The works – thinking about colour

After my last post Margaret made these comments “Coming from a place where the grayness of the days often sets the colour schemes I use in my own work, I find the vibrancy of colour in yours quite a contrast. I’d love to hear a little more about how you go about choosing your colour schemes. E.g., are the colours vibrant because of the emotionality you feel about the topic/place.? I love the boldness of the purple/ green combination.”  Thanks Margaret, it’s lovely to hear from you and know that you took time out to really look.

I guess the first thing I’d say re the colours is they’re a reflection of where I live. A lot of New Zealand tourism marketing is based on slogans such as “100% pure” and certainly where I live that’s true. The air is very clean and clear and as a result colours are clear as well. Grass is green, the sly is blue, the cows are black and white or vivid iron oxide red.

I think the colours are also a reflection of my feelings about the Freezing Works themselves, and where I live generally. Patea is a poor, rural, low socio-economic town that knows hard times personally. In some ways it is not always an easy community to live in. The derelict works are ugly, just as the closure was ugly. But I love both of them; the town and the ruins. Being raised here was good for me, coming back here almost 20 years ago now was also good for me. Living here gives me the chance to work full time, be an artist, publish a newspaper, care for Mum and still be happy – try that in the city!

I am using what is, for me anyway, a limited colours selection – mainly to help tie the individual works together a bit more. Sitting on my desk I have Naples yellow, permanent green light, brilliant orange, transparent yellow, titanium white, phthalo blue (green), manganese blue, quinacridone magenta, permanent violet dark, quinacridone violet, ultramarine violet, and phthalo green (yellow). I chose this colour set, ok two sets really, after doing some of the colour exercises from Nita Leland’s Confident Colour book.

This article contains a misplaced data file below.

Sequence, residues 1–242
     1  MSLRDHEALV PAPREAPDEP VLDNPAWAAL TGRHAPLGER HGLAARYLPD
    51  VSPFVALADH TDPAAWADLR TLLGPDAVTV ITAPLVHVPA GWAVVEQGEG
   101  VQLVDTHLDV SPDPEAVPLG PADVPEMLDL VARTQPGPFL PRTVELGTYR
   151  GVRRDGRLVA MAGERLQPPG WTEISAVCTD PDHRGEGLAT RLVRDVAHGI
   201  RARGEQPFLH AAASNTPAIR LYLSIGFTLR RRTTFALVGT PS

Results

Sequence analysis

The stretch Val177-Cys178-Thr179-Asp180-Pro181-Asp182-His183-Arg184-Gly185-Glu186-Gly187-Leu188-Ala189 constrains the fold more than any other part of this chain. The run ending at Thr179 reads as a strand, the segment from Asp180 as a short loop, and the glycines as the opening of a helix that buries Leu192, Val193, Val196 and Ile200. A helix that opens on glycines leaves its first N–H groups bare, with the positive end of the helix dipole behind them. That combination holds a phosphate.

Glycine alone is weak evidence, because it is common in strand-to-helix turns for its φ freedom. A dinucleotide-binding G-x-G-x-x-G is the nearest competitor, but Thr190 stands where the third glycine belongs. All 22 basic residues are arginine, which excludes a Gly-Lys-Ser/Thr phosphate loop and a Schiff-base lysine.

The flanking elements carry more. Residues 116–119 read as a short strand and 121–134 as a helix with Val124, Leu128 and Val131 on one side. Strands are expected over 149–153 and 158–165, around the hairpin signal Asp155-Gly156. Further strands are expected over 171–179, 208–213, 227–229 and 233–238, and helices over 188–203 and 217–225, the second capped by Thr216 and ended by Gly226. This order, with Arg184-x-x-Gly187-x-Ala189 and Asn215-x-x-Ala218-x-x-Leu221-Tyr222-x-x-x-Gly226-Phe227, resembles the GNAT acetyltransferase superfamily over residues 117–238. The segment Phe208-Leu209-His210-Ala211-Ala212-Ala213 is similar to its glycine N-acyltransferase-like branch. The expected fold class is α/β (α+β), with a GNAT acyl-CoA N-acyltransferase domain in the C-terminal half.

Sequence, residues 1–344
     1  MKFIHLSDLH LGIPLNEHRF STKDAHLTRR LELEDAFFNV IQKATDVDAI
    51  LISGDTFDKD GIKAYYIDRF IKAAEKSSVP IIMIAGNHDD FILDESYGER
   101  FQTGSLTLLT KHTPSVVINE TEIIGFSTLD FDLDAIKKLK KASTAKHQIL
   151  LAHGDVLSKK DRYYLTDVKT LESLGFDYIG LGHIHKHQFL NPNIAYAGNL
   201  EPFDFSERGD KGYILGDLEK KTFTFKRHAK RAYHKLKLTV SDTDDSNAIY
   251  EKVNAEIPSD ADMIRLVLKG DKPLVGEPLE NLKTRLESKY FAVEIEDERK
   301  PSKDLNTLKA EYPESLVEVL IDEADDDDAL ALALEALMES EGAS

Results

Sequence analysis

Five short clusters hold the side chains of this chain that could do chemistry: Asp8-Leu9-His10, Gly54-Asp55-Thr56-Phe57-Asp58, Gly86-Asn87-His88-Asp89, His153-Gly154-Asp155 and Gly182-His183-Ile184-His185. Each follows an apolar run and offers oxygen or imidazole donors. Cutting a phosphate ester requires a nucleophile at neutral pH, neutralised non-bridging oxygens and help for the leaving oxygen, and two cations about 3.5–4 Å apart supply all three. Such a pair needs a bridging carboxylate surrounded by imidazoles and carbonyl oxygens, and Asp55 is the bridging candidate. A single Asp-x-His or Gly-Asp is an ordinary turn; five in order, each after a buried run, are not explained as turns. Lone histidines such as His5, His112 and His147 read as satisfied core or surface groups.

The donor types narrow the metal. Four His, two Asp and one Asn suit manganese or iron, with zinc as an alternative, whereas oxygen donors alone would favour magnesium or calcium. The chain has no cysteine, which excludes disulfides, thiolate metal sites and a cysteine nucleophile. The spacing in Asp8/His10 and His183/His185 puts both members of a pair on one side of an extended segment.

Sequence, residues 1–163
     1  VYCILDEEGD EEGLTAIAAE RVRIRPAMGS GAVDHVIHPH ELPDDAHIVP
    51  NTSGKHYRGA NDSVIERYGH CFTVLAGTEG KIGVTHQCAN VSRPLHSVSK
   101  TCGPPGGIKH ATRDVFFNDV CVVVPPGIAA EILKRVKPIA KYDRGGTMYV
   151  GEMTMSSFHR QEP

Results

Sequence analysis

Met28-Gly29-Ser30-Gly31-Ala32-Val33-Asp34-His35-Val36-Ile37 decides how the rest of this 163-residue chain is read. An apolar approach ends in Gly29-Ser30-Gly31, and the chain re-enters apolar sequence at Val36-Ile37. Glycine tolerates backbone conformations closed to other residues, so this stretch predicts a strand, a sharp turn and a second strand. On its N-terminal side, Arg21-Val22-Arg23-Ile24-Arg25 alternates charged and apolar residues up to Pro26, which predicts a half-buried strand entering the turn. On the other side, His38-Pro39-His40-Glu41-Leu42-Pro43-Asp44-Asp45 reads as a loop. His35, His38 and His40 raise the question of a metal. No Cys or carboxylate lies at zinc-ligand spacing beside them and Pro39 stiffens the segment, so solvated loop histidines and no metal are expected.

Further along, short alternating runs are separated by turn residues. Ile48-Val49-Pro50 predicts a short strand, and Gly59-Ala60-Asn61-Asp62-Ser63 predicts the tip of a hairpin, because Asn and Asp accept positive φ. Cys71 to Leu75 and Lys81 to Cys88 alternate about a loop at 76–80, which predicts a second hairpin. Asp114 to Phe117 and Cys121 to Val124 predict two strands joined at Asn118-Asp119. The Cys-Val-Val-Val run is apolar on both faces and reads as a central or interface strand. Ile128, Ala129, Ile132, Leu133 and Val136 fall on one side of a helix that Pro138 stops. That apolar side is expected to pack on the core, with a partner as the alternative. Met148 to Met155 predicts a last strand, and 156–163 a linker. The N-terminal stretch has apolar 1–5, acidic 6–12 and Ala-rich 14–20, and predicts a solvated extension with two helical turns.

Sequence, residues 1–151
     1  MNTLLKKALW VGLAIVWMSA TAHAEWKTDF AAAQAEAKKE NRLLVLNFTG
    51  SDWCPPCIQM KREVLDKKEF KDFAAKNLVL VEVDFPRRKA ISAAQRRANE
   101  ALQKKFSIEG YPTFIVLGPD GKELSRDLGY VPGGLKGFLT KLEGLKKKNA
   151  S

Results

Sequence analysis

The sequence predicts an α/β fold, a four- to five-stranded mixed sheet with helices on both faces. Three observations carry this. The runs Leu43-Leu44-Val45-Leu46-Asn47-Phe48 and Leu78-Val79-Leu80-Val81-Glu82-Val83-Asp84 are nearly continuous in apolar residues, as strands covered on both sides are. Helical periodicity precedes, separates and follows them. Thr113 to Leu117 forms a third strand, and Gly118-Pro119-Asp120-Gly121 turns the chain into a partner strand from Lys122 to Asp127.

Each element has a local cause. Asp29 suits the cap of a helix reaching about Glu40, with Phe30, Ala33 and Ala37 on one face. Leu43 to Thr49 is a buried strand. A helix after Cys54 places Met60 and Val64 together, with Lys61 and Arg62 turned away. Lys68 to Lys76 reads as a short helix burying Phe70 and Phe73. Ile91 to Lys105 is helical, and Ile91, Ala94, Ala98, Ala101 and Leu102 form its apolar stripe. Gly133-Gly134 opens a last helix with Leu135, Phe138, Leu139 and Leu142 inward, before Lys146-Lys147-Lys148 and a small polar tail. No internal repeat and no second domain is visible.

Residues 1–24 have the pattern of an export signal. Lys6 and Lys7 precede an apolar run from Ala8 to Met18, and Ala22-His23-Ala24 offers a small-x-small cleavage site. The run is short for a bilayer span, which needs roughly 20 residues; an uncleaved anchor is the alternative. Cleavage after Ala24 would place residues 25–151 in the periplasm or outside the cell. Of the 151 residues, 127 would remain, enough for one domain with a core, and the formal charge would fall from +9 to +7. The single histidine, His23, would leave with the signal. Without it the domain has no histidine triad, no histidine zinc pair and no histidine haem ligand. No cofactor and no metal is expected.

It’s been interesting to try to explain a bit about the colours; I may end up coming back to this later on. In the meantime …the photos (taken at night wiht  aflash, so dodgy colour) this time show some of the detail from a painting I am working on at the moment. Hopefully you can see that there is a reasonable amount of texture going on. I like my marks to show, to leave traces of what I  have done and how I got there.

Remembering summer’s colours ;-)

The weather has been beautiful here for the last few days; to be honest it’s been a bit too hot for my liking. But this afternoon the weather has taken a turn for the worse. I have gone from wearing a sleeveless cotton dress round the house, with barefeet, to jeans and a medium weight top. But I can still enjoy the colours of early summer with another of the series of four wee canvas I posted about the other day. Here’s a second from the set.summer-garden-8